Washington--Urologists and other physicians now have some breathing room as they seek to decide whether to participate in the new Competitive Acquisition Program (CAP) established by the Centers for Medicare & Medicaid Services for drugs administered in the office.
Early in August, CMS announced it had suspended the bidding process for vendors, and said the agency needed more time to review public comments it had received as well as to implement further clarifications in the bidding process. Despite the delay, CMS stuck with its Sept. 5, 2005 deadline for comments about CAP.
"After we are able to analyze the comments and determine how we can best improve the efficiency and attractiveness of the CAP, we anticipate publishing a final rule in late 2005," the agency said.
At that point, CMS said, it will conduct an "election period," during which time physicians can voluntarily choose to participate in the CAP program and enroll with a particular vendor.
"At present, we expect that drugs will first be delivered through the CAP by July 2006," the agency said.
The original timetable called for CMS to provide physicians with details on how to elect to participate in the CAP for 2006, including a list of CAP vendors from which to choose, by Oct. 1. Physicians would then complete their election form and return it to their local Medicare carrier.
So far, the new program, designed to serve as an alternative to the average sales price (ASP) payment system for physicians who administer drugs in the office to Medicare patients, is being met with less-than-resounding enthusiasm from many urologists. An e-mail survey byUrology Times asked a sampling of readers if they were likely to participate in the program in 2006, given the information they currently had. Among 214 respondents, only 7.9% said they planned to participate in the CAP. About one-third (31.3%) said they would not participate, 38.3% were unsure, and nearly one-fourth (22.4%) said they were not familiar with the program.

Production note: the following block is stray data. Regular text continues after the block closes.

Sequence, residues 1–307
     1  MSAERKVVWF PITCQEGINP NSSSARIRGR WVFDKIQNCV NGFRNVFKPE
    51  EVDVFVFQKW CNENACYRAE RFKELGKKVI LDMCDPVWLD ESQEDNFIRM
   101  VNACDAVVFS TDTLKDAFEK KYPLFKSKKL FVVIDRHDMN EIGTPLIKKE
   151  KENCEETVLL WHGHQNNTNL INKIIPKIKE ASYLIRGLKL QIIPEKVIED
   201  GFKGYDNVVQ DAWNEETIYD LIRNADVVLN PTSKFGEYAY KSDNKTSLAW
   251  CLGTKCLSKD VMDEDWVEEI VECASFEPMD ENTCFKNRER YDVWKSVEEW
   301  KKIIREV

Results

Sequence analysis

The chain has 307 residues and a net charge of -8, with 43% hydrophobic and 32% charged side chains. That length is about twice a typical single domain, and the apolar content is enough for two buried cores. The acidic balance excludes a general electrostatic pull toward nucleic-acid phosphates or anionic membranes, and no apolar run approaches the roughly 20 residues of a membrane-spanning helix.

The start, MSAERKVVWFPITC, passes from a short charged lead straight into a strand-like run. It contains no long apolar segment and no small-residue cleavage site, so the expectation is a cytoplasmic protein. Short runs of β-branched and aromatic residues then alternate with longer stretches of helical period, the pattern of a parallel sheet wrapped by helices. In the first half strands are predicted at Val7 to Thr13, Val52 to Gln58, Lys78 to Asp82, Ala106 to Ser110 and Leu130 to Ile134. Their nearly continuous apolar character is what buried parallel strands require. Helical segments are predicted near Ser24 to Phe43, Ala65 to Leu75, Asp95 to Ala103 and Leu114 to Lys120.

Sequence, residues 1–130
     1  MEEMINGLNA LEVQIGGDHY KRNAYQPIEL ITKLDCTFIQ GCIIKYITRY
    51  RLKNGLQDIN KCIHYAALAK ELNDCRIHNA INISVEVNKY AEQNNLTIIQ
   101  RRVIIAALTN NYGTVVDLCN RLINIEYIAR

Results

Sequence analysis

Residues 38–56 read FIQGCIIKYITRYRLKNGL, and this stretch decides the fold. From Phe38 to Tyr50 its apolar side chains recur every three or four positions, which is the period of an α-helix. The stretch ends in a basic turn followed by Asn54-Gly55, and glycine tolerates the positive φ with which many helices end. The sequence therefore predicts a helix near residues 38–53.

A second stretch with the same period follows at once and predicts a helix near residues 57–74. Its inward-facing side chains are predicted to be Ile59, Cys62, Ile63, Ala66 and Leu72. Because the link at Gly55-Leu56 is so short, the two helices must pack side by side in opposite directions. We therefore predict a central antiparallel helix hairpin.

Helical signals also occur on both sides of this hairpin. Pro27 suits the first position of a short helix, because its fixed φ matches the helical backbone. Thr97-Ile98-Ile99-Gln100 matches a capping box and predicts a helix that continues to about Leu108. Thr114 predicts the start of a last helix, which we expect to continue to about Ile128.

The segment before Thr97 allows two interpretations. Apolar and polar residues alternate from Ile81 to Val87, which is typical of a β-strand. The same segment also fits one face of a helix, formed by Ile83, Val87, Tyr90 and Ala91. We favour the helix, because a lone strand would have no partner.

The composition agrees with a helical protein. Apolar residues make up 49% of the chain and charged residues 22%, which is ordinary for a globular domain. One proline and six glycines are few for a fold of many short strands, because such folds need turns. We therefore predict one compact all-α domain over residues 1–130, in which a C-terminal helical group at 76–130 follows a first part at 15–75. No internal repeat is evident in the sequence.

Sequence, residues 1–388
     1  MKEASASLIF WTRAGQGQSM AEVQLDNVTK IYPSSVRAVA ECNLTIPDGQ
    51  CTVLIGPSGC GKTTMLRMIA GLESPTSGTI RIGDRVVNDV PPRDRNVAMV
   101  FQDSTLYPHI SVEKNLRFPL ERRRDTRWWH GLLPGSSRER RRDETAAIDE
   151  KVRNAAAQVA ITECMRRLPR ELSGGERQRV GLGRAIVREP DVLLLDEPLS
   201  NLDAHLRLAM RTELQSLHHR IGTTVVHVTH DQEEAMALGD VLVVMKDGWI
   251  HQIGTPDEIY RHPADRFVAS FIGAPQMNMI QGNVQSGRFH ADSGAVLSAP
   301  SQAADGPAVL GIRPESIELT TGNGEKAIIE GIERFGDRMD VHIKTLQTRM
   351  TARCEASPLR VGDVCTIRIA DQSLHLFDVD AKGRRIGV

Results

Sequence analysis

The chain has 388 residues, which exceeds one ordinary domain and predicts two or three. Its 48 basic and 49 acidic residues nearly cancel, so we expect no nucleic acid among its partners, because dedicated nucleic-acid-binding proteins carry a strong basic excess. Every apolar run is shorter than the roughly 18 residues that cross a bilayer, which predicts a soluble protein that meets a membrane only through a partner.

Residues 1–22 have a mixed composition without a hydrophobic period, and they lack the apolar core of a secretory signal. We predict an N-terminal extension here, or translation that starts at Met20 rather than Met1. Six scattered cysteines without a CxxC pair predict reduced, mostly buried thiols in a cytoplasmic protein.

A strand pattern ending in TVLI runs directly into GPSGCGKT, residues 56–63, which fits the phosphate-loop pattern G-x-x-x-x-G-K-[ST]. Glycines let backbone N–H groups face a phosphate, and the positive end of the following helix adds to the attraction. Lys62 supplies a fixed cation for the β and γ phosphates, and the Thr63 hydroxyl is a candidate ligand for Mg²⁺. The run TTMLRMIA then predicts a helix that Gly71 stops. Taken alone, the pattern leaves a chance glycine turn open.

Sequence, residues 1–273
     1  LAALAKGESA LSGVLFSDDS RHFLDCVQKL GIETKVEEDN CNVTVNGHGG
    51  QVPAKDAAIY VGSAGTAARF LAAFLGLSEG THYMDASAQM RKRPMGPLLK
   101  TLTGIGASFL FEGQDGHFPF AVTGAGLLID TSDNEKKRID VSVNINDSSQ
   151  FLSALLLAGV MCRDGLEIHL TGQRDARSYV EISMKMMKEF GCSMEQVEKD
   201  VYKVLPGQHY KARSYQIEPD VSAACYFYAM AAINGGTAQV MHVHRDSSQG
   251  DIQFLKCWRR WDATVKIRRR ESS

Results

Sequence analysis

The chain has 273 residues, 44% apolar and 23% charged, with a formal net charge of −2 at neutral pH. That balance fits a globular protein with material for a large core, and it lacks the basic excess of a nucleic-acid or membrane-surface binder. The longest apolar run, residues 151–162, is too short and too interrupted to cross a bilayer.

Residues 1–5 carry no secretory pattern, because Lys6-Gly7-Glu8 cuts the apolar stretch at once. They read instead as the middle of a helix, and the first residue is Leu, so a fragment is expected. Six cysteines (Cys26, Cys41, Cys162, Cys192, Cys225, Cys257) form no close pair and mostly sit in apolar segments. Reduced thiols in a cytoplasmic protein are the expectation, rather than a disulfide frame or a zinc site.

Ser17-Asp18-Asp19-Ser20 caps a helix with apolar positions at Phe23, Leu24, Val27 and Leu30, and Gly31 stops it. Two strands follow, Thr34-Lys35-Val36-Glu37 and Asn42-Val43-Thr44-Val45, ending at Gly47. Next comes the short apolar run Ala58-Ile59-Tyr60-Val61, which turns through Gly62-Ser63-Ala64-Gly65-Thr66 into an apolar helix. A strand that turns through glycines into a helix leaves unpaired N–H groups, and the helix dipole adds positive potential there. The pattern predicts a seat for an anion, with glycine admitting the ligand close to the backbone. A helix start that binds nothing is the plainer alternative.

"This tracks with the sense that I have been getting from many of our members," said Robin Hudson, AUA's manager of regulatory affairs. "There don't seem to be many practices interested in doing this."
The main problem appears to be the complexity of the new program, ordered by Congress in connection with the Medicare Modernization Act to give physicians an option other than buying and billing for drugs themselves and to save the pool of federal money in the Medicare program.
Beginning with drugs administered on or after Jan. 1, 2006, physicians will be given a choice between buying and billing these drugs under the ASP system or obtaining them from vendors selected through a competitive bidding process. The vendors will bill Medicare for the administered drug and the patient for any applicable copayment or deductible. The physician will bill Medicare only for the drug's administration.
"A lot of the problems that urologists are having this year are because they can't purchase leading cancer drugs at or below ASP plus 6%, so they are losing money," Hudson said. "Since some of these drugs are in the CAP, they could try it out and see how it works."
A list of commonly administered urology drugs included in the CAP for 2006 appears at right. For a more complete list of drugs offered through CAP for 2006,visit http://www.auanet.org/advocacy/news/capchart.pdf . For drugs not on the CAP list, such as certain formulations of leuprolide acetate (Lupron and Eligard) and histrelin implant (Vantas), physicians can continue to purchase those drugs as usual and bill Medicare for them under the ASP system.
"While urologists may be losing money on certain drugs under the new average sales price payment system, the unknowns about CAP, including potential hidden administrative costs, make it difficult to objectively compare options," Hudson said.
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